Identify Trunks and VLANs Forwarded on Those Trunks 84

Troubleshooting Examples and Exercises 86

    Troubleshooting Example 1: Find Existing LAN Data Plane Problems 86

        Step 1: Verify the Accuracy of the Diagram Using CDP 87

        Step 2: Check for Interface Problems 88

        Step 3: Check for Port Security Problems 90

        Step 4: Check for VLAN and VLAN Trunk Problems 91

    Troubleshooting Example 2: Predicting LAN Data Plane Behavior 94

        PC1 ARP Request (Broadcast) 95

        R1 ARP Reply (Unicast) 98

Review Activities 102

Part I Review 104

Part II: IP Version 4 Routing 109

Chapter 4 Troubleshooting IPv4 Routing Part I 110

Foundation Topics 111

Predicting Normal IPv4 Routing Behavior 111

    Host IPv4 Routing Logic 111

    Routing Logic Used by IPv4 Routers 112

        IP Routing Logic on a Single Router 112

        IP Routing from Host to Host 113

        Building New Data Link Headers Using ARP Information 114

Problem Isolation Using the ping Command 115

    Ping Command Basics 115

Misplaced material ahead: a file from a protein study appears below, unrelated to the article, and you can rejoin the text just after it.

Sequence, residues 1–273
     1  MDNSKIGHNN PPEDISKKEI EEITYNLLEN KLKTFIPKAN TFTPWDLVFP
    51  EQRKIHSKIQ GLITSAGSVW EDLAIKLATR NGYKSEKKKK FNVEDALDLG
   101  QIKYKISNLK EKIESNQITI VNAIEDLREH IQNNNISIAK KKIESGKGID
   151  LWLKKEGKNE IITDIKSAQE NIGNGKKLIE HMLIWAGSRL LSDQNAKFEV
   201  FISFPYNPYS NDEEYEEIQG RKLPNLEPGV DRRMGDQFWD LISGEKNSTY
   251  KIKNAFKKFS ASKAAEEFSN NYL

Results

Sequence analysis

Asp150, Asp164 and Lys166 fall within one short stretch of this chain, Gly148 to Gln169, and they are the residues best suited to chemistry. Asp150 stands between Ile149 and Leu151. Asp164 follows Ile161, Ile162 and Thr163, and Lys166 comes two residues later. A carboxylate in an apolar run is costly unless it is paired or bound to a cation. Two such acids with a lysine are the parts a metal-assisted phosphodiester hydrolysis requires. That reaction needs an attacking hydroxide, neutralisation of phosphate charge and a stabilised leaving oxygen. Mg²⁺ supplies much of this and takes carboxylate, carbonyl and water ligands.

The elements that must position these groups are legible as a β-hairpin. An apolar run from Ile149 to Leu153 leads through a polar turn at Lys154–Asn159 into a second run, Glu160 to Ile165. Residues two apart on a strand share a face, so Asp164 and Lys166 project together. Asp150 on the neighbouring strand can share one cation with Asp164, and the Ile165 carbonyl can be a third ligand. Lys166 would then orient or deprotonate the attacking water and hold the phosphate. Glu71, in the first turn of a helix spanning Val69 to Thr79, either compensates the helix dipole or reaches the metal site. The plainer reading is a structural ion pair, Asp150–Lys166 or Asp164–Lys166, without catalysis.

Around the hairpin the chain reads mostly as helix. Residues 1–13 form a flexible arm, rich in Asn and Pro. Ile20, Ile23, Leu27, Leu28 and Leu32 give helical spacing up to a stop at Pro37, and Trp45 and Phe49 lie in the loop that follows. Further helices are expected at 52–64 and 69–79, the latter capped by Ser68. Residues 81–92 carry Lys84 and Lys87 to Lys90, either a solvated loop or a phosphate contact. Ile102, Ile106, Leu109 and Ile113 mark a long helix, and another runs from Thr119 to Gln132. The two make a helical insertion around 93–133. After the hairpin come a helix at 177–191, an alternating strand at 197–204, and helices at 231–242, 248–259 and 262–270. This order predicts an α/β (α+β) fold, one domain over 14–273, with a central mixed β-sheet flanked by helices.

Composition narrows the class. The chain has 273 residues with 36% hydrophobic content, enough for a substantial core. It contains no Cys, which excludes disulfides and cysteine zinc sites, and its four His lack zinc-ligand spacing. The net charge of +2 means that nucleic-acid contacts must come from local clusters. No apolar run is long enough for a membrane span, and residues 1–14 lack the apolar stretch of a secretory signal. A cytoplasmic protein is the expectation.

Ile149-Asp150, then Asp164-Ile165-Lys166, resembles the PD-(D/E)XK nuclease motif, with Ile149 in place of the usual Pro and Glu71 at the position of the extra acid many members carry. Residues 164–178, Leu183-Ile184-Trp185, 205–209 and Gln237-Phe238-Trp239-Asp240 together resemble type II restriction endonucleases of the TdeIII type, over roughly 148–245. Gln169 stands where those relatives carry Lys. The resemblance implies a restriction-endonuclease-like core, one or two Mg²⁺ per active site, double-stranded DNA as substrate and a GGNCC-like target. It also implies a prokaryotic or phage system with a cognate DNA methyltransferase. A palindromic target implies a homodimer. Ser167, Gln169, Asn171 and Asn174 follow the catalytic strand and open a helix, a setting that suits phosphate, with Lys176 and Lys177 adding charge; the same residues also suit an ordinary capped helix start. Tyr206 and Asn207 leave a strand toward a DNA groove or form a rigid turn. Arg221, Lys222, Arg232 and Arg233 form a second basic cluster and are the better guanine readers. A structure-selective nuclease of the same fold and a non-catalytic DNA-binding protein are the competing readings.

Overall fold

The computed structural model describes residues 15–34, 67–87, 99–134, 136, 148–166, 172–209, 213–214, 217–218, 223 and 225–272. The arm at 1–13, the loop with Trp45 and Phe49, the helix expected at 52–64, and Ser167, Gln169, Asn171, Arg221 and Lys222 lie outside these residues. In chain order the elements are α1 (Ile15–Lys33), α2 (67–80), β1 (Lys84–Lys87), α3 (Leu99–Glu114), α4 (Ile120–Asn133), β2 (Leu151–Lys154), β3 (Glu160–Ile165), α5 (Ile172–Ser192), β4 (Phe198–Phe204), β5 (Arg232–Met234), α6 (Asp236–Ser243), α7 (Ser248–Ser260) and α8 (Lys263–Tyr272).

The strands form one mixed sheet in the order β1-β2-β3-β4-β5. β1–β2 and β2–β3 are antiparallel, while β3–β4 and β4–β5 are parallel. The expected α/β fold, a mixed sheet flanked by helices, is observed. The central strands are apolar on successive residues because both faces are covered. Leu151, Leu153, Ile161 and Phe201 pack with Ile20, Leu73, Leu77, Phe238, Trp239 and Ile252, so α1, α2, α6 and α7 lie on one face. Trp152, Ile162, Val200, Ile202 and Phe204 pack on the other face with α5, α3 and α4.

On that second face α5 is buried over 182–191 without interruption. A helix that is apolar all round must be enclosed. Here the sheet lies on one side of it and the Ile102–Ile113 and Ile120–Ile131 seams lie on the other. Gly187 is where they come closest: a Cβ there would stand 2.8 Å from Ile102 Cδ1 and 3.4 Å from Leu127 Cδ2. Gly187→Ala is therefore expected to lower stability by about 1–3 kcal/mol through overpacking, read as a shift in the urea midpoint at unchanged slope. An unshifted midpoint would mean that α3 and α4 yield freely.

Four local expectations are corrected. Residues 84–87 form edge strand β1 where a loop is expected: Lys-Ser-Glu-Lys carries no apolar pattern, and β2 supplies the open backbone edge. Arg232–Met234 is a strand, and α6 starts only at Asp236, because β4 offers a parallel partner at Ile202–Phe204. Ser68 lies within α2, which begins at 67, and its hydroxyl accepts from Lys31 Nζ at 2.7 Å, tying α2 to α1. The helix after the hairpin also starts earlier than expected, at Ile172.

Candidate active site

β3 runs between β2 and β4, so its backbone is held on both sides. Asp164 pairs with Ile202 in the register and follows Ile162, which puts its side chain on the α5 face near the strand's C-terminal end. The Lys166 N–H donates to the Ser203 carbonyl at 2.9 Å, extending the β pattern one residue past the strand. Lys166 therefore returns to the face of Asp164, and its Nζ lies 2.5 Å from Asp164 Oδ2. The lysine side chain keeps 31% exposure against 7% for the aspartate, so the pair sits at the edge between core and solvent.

Strategies and Results When Testing with the ping Command 116

        Testing Longer Routes from Near the Source of the Problem 117

        Using Extended Ping to Test the Reverse Route 119

        Testing LAN Neighbors with Standard Ping 121

        Testing LAN Neighbors with Extended Ping 122

        Testing WAN Neighbors with Standard Ping 122

    Using Ping with Names and with IP Addresses 123

Problem Isolation Using the traceroute Command 124

    traceroute Basics 124

        How the traceroute Command Works 125

        Standard and Extended traceroute 126

    Using traceroute to Isolate the Problem to Two Routers 127

Review Activities 130

Chapter 5 Troubleshooting IPv4 Routing Part II 132

Foundation Topics 133

Problems Between the Host and the Default Router 133